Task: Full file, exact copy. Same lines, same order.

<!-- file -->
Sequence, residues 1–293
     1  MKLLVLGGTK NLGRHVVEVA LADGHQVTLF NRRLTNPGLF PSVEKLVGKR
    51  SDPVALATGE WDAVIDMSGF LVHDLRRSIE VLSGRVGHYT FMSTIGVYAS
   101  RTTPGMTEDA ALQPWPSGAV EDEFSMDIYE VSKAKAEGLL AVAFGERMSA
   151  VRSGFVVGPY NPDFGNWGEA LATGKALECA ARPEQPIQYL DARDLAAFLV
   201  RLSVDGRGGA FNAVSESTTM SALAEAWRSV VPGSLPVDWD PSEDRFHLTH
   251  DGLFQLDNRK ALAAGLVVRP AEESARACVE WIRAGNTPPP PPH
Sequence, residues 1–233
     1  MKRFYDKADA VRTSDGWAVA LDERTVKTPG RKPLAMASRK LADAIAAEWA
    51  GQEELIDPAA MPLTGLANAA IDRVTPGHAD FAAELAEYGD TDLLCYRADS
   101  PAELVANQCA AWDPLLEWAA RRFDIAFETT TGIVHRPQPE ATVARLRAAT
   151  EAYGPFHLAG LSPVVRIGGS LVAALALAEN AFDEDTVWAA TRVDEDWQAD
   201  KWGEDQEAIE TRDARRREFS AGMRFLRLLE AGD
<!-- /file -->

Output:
Sequence, residues 1–293
     1  MKLLVLGGTK NLGRHVVEVA LADGHQVTLF NRRLTNPGLF PSVEKLVGKR
    51  SDPVALATGE WDAVIDMSGF LVHDLRRSIE VLSGRVGHYT FMSTIGVYAS
   101  RTTPGMTEDA ALQPWPSGAV EDEFSMDIYE VSKAKAEGLL AVAFGERMSA
   151  VRSGFVVGPY NPDFGNWGEA LATGKALECA ARPEQPIQYL DARDLAAFLV
   201  RLSVDGRGGA FNAVSESTTM SALAEAWRSV VPGSLPVDWD PSEDRFHLTH
   251  DGLFQLDNRK ALAAGLVVRP AEESARACVE WIRAGNTPPP PPH
Sequence, residues 1–233
     1  MKRFYDKADA VRTSDGWAVA LDERTVKTPG RKPLAMASRK LADAIAAEWA
    51  GQEELIDPAA MPLTGLANAA IDRVTPGHAD FAAELAEYGD TDLLCYRADS
   101  PAELVANQCA AWDPLLEWAA RRFDIAFETT TGIVHRPQPE ATVARLRAAT
   151  EAYGPFHLAG LSPVVRIGGS LVAALALAEN AFDEDTVWAA TRVDEDWQAD
   201  KWGEDQEAIE TRDARRREFS AGMRFLRLLE AGD